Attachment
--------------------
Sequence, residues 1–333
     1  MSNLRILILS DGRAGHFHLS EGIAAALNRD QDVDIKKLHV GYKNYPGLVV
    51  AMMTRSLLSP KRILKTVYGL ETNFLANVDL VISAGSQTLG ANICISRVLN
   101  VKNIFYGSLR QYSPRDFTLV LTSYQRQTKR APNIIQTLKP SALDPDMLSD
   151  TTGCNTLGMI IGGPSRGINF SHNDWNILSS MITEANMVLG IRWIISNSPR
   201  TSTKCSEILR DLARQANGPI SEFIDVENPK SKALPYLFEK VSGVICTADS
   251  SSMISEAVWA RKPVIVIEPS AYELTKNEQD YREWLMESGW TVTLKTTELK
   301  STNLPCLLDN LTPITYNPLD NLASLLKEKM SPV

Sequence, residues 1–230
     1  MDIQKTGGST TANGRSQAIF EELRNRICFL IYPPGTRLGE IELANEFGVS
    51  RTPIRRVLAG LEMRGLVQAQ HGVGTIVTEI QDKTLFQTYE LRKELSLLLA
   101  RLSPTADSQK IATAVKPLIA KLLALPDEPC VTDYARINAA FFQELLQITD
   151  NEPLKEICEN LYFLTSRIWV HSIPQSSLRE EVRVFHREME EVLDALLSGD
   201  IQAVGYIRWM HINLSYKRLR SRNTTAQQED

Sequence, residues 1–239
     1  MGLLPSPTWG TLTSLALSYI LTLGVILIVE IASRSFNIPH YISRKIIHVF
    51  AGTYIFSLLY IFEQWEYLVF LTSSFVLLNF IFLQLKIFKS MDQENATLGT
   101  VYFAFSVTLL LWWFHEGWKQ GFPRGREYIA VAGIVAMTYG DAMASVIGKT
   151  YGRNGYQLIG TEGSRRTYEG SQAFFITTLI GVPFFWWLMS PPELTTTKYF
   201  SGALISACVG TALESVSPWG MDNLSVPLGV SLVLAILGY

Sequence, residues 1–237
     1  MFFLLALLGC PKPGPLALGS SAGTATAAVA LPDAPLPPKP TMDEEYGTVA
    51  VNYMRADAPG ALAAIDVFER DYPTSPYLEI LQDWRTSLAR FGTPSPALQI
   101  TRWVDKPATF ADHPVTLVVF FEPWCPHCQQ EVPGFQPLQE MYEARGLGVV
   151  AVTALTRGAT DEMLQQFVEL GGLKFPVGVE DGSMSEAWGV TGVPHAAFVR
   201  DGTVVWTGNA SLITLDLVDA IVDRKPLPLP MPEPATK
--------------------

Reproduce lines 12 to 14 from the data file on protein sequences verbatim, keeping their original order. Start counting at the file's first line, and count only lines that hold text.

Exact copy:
   101  RLSPTADSQK IATAVKPLIA KLLALPDEPC VTDYARINAA FFQELLQITD
   151  NEPLKEICEN LYFLTSRIWV HSIPQSSLRE EVRVFHREME EVLDALLSGD
   201  IQAVGYIRWM HINLSYKRLR SRNTTAQQED